I owe a few of the pieces in the last couple of weeks to this brilliant book, but how important it is cannot be overstated. In an almost Chomsky-like way, Clinton Fernandes offers a refreshing (if somewhat surprising and disheartening) look at Australia’s role in the world. Without the filters of government and media spin and omission, it is incredibly insightful.
When it comes to foreign policy and global conflicts, the go-to perpetrator is the US. Australia is often overlooked as a rather subservient co-conspirator, always there but usually as a bolstering force for US interests abroad. While in some cases this most certainly is true, such as our involvement in Afghanistan and Iraq, in many others we have out own interests down the imperialist path.
What the invasion of Afghanistan and Iraq did do, however, and what our involvement in the Middle East continues to do, is increase the risk of terrorism. We thankfully do not experience terror attacks on a regular basis, but that does not secure us from the risk of one occurring. We are told, usually before or during election cycles, that the threat of terror is always there – and for once the government isn’t lying.
Yes, the threat of terror attacks may be rising – why else would our digital and privacy rights be abused, to spy on citizens? But the damning part is that the conflicts our government is implicating us in are the reason for this rise. The UK was able to prove their terror risk was increased as a result of their involvement in Iraq – Australia hasn’t done a similar report, unless it is confidential, but the conclusion would surely be the same.
Rather than pulling out of the Middle East or, better yet, striving for actual peace in order to dissolve this apparent threat, the government seems intent on partaking in war crimes and eroding the rights of Australians and journalists. Should a terror attack take place within the next few years, it will of course be a tragedy, but a predictable and preventable one. One that our government has no interest in stopping, despite their ‘national security’ rhetoric.
A ‘voice at the table’ in Washington is not worth even a single innocent life lost due to petty global politics.
In other regions, namely Southeast Asia and the Pacific, Australia has been involved for its own purposes. I have written previously about Timor-Leste, so I will not go into any depth here other than to repeat my disgust for our treatment of the Timorese people. If there is one saga that defines our own imperialist tendencies, it is the brutal injustice that we have thrown upon them for decades.
Fernandes describes Australia’s position as one always on the ‘winning side’ of the developing countries vs colonialist countries, i.e. the colonial side. In Korea, Vietnam, Malaysia, and Indonesia, we played our role in subduing any attempt at self-determination and local manufacturing. Raw goods from developing countries were sold to the US, the UK, or Australia to be manufactured into something, which was then sold back as a finished product to the developing nations.
That, in simplistic terms, is the core of the imperialist projects. The idea of ‘Asian nationalism’ was deemed a threat to the economic interests of the West, just as Arab nationalism was a ‘threat’ in the 50’s and 60’s, leading to conflicts in Iran, Egypt, etc., and recently with the Arab Spring in 2011.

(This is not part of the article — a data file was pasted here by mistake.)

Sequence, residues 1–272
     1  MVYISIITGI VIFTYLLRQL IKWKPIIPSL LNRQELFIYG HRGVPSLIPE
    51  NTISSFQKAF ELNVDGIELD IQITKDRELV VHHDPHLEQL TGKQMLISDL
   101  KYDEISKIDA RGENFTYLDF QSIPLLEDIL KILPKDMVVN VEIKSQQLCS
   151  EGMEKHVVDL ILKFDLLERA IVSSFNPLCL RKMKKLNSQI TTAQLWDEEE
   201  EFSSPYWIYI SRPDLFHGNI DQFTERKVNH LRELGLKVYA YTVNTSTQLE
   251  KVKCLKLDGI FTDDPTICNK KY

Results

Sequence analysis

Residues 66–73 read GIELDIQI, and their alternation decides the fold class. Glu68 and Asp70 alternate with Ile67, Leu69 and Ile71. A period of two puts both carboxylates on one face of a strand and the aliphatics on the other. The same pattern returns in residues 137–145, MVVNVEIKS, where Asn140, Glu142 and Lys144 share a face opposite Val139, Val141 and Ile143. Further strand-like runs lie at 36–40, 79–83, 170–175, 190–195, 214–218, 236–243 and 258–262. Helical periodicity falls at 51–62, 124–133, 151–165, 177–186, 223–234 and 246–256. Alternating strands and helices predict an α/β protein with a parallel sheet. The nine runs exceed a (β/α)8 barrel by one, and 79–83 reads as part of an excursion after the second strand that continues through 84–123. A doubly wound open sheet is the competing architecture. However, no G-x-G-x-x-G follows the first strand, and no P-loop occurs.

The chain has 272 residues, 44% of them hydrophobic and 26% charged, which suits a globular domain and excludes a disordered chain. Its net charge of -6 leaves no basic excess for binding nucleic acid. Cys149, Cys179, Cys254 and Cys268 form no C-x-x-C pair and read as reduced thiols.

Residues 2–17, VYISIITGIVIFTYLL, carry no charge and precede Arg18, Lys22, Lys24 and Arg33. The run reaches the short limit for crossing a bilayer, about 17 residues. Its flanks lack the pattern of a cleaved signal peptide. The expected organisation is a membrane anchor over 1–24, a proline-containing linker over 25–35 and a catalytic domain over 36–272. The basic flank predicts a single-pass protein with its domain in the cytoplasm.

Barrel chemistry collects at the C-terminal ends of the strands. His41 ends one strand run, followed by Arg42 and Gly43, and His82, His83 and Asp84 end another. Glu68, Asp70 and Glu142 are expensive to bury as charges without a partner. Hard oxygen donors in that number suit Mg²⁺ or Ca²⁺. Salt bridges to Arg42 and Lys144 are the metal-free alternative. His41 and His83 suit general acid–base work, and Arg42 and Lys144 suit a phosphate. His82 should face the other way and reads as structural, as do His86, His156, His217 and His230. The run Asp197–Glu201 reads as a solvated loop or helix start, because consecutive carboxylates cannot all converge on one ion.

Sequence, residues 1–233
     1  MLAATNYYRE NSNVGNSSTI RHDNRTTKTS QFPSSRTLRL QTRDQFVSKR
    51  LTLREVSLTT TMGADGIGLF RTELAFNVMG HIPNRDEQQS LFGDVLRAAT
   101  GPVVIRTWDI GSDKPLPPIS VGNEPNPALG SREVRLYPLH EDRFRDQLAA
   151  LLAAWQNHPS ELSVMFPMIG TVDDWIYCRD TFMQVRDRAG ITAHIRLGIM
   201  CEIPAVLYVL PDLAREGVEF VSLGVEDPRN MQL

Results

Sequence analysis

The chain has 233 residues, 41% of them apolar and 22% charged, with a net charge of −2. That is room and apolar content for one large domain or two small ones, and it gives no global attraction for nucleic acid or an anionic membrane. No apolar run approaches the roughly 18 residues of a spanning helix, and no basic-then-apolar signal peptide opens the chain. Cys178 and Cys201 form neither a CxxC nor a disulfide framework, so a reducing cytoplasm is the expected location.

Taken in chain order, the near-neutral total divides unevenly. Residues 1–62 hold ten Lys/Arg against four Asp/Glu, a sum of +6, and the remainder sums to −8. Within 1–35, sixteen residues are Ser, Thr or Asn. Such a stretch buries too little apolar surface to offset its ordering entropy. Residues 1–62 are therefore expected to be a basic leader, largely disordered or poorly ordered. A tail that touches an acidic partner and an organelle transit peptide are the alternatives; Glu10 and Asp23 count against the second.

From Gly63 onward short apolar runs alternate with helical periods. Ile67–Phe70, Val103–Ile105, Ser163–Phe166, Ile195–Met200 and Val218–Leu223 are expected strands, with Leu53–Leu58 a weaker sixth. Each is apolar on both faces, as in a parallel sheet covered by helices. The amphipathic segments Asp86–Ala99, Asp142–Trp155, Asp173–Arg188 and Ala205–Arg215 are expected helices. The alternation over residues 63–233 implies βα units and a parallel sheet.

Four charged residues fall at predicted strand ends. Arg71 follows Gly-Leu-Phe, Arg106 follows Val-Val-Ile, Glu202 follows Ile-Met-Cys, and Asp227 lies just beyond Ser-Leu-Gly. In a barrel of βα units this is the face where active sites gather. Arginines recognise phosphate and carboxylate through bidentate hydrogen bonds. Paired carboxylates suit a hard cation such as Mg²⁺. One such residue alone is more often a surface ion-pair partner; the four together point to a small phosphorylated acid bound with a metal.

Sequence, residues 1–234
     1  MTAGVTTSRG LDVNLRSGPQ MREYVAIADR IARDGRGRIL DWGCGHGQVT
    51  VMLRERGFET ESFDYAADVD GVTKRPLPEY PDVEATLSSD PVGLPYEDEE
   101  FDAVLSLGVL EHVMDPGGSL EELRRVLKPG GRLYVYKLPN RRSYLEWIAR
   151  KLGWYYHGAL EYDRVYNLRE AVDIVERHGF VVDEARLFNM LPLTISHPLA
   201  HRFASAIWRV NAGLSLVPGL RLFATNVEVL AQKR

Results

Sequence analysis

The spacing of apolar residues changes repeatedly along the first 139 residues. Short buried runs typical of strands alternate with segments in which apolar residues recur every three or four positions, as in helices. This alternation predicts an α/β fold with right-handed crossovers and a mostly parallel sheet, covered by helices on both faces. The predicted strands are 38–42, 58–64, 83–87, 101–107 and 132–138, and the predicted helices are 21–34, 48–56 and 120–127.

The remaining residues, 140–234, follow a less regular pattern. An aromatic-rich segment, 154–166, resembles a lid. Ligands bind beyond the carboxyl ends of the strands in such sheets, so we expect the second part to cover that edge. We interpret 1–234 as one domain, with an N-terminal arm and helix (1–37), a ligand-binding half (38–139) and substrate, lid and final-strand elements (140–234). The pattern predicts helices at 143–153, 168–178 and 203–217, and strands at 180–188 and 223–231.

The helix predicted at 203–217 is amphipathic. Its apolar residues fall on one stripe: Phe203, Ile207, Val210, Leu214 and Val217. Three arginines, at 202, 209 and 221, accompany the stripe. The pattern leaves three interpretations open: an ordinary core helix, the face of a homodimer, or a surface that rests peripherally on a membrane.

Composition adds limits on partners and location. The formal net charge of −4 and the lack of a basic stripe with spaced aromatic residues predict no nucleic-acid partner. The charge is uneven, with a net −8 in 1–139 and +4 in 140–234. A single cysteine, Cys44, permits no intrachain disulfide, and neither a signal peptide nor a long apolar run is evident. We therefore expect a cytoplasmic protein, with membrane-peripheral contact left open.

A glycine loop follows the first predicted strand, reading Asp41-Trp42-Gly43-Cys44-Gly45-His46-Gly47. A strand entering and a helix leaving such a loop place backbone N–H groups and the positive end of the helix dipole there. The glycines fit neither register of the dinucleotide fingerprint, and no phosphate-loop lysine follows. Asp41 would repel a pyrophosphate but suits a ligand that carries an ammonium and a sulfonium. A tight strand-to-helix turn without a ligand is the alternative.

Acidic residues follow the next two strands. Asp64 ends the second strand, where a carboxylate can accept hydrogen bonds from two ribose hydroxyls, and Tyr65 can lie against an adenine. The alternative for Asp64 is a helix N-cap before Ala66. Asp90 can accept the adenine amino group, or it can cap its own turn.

I have always considered Australia to be ‘America 2.0’ in that our slow descent into privatisation and our growing authoritarianism mirrors that of the US, but this book only deepens those concerns. Australia is not exempt from the massive concentration of wealth in a relatively tiny segment of the population, and those people have incredible influence over policy. Similar to the International Monetary Fund, essentially an arm of the US government, we (along with the US and Japan) have significant sway over the Pacific region with the Asian Development Bank (ADB).
The political independence (supposedly) of certain Asian countries is maintained, but economically they are beholden to the interests of the Western corporate machine. There is one country that threatens this ‘ideal’ state of affairs – China. In the closing chapter of Island Off the Coast of Asia, Fernandes broaches the question of what Australia would do if the US went to war with China.
While the US is our long time ‘ally’, China is currently our greatest trading partner and is swiftly becoming an influential powerhouse of its own, enough to challenge US hegemony. If a war between China and the US broke out (hypothetically, I think Trump is a little too preoccupied trying to destabilise Venezuela and obliterate Iran first – an invasion, a recent Facebook memory informed me, I predicted back in June of 2017), regardless of which ‘side’ we chose it is predicted we would suffer severely.
It would be better, of course, to avoid war entirely, or if one were to break out, simply stay out of it. The human cost would not be worth either losing diplomatic ties with the US or the economic ties with China. Instead, Australia would be much better off serving as a mediator between the two powers to ensure war is never a possibility. The global reality today is that China is catching up to the same level of economic influence as the US, and Australia can’t afford – in any sense of the word – to be caught in the middle.
In much the same way Australia drifted to the US’ side after WW2 when the British Empire really began to fade into history, the future thus far sees us drifting to China, if somewhat reluctantly. Rather than fight the shift in global power dynamics, Australia needs to assert itself as a middleman and try maintaining diplomacy, even in an increasingly tense world.
With the Coalition in power, however, I wouldn’t hold my breath.
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